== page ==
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JAMA Psychiatry. 2014 Nov;71(11):1238-1245. doi: 10.1001/jamapsychiatry.2014.1016.

Association between nicotine withdrawal and reward responsiveness in humans and rats.

Author information

1
Department of Psychiatry, Washington University School of Medicine, St. Louis, MO.
2
Department of Psychiatry, University of California San Diego.
3
Department of Psychology, University of Pittsburgh.
4
Department of Psychiatry, Harvard Medical School.
#
Contributed equally

Abstract

IMPORTANCE:

Reward-related disturbances after withdrawal from nicotine are hypothesized to contribute to relapse to tobacco smoking but mechanisms underlying and linking such processes remain largely unknown.

OBJECTIVE:

To determine whether withdrawal from nicotine affects reward responsiveness (ie, the propensity to modulate behavior as a function of prior reinforcement experience) across species using translational behavioral assessments in humans and rats.

DESIGN, SETTING, PARTICIPANTS:

Experimental studies used analogous reward responsiveness tasks in both humans and rats to examine whether reward responsiveness varied in (1) an ad libitum smoking condition compared with a 24-hour acute nicotine abstinence condition in 31 human smokers with (n = 17) or without (n = 14) a history of depression; (2) rats 24 hours after withdrawal from chronic nicotine (n = 19) or saline (n = 20); and (3) rats following acute nicotine exposure after withdrawal from either chronic nicotine or saline administration.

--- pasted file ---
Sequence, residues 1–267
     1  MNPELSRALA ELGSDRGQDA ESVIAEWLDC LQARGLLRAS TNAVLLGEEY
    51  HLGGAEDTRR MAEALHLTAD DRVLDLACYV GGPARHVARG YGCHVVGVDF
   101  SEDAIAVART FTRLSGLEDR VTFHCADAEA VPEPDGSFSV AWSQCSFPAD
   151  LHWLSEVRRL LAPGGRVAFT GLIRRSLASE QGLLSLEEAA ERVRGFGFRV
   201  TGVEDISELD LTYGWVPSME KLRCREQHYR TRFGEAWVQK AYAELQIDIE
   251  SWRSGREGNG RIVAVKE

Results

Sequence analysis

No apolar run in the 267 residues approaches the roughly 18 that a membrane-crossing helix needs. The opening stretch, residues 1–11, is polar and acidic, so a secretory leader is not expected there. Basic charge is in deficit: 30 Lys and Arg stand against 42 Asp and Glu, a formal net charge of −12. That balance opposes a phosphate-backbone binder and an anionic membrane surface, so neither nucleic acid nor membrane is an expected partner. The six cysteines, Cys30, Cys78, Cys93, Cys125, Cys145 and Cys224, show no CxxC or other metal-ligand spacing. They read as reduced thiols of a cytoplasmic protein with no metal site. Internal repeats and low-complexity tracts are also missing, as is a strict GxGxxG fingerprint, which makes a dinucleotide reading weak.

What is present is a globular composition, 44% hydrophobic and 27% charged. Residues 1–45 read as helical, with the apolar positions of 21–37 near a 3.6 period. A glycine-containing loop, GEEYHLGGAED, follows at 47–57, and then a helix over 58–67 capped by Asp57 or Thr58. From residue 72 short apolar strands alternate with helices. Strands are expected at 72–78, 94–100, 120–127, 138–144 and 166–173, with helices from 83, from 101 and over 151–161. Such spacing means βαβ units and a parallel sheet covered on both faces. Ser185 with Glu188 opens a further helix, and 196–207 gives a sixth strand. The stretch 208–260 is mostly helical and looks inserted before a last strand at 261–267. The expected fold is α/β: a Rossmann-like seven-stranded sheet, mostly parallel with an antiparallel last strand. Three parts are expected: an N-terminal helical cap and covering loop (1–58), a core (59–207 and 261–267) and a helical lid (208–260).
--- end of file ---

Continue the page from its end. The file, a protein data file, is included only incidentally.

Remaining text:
MAIN OUTCOMES AND MEASURES:

Performance on a reward responsiveness task under nicotine and nonnicotine conditions.

RESULTS:

In both human smokers and nicotine-treated rats, reward responsiveness was significantly reduced after 24-hour withdrawal from nicotine (P < .05). In humans, withdrawal-induced deficits in reward responsiveness were greater in those with a history of depression. In rats previously exposed to chronic nicotine, acute nicotine reexposure long after withdrawal potentiated reward responsiveness (P < .05).

CONCLUSIONS AND RELEVANCE:

These findings across species converge in suggesting that organisms have diminished ability to modulate behavior as a function of reward during withdrawal of nicotine. This blunting may contribute to relapse to tobacco smoking, particularly in depression-vulnerable individuals, to reinstate responsiveness to natural rewards and to experience potentiated nicotine-induced reward responsiveness. Moreover, demonstration of behavioral homology across humans and rodents provides a strong translational framework for the investigation and development of clinical treatments targeting reward responsiveness deficits during early withdrawal of nicotine.

PMID:
25208057
PMCID:
PMC4353576
DOI:
10.1001/jamapsychiatry.2014.1016
[Indexed for MEDLINE]
Free PMC Article

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